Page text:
The expression of ATP-binding cassette superfamily transporter genes, such as P-glycoprotein/multidrug resistance (MDR) 1 and MDR protein (MRP) 1, is often upregulated in various tumor types and is involved in responses to some anticancer chemotherapeutic agents. Five human MRP subfamily members (MRP2-6) with structural similarities to MRP1 have been identified. The relationships between MRP2-6 mRNA levels and drug resistance are not well understood. Data on 45 patients with colorectal cancer were analyzed. Of the ATP-binding cassette superfamily genes, we asked whether mRNA levels of MDR1, MRP1, MRP2, and MRP3 correlated with drug resistance to anticancer agents. For this analysis, we used quantitative reverse transcription-PCR, and the sensitivity to anticancer agents in surgically resected colon carcinomas was determined using the in vitro succinate dehydrogenase inhibition test. MDR1, MRP1, and MRP3 were highly expressed in normal colorectal mucosa, and the relative mRNA levels of MDR1, MRP1, and MRP3 in cancerous tissues compared with noncancerous tissues were decreased or unchanged. By contrast, MRP2 mRNA expression was low in normal colorectal mucosa and specifically increased in cancer regions compared with noncancerous regions. Of the anticancer agents prescribed for patients with colorectal cancers, including doxorubicin, mitomycin C, cisplatin, 5-fluorouracil, etoposide, and a camptothecin derivative, mRNA expression of MRP2 was significantly associated with resistance to cisplatin. MRP2 may be important for resistance to cisplatin treatment in colorectal cancer.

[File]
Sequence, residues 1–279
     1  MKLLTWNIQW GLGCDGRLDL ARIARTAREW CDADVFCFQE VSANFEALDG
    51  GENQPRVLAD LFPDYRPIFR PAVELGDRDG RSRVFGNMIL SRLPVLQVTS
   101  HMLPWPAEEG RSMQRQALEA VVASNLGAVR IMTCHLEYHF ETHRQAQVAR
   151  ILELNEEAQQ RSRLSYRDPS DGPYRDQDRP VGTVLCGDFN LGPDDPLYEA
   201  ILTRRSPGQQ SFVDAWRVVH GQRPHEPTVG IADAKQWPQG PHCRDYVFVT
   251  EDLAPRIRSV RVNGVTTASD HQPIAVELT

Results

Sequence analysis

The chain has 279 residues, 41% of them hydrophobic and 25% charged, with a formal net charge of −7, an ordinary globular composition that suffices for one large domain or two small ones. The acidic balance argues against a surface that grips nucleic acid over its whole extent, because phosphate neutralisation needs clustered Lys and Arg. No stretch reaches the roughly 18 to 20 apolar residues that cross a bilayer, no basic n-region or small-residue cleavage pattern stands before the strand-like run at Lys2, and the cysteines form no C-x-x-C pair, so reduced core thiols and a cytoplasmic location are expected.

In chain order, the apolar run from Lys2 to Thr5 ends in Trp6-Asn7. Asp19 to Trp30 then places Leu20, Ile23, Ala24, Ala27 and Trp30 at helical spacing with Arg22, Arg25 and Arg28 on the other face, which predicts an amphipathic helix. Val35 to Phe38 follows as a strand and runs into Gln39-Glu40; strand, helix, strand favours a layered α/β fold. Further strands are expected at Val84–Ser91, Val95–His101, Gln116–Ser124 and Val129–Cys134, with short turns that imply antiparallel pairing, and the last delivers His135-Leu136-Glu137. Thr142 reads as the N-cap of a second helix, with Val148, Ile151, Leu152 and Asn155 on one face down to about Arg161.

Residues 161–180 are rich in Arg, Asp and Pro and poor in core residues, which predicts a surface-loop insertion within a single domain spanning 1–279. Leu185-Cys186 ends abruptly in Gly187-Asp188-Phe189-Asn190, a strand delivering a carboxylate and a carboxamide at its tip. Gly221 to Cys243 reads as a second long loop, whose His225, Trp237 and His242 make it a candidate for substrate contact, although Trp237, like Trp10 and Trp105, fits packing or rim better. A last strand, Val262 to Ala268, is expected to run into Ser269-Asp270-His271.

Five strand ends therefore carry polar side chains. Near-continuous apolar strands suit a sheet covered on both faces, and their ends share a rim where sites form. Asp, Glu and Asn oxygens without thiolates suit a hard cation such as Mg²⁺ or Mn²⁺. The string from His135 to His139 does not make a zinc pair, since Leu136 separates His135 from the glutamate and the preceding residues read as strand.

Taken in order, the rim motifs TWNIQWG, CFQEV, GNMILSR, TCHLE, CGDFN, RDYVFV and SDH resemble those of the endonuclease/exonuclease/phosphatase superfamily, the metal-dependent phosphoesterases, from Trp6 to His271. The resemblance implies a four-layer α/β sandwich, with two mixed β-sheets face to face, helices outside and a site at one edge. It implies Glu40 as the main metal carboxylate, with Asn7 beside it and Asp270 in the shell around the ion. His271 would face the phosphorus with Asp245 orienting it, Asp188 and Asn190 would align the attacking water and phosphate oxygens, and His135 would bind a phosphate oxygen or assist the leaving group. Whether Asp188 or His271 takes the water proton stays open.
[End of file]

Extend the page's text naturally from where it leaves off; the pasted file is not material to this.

|Number of pages
|Clinical Cancer Research
|Published - Jun 2000
All Science Journal Classification (ASJC) codes
- Cancer Research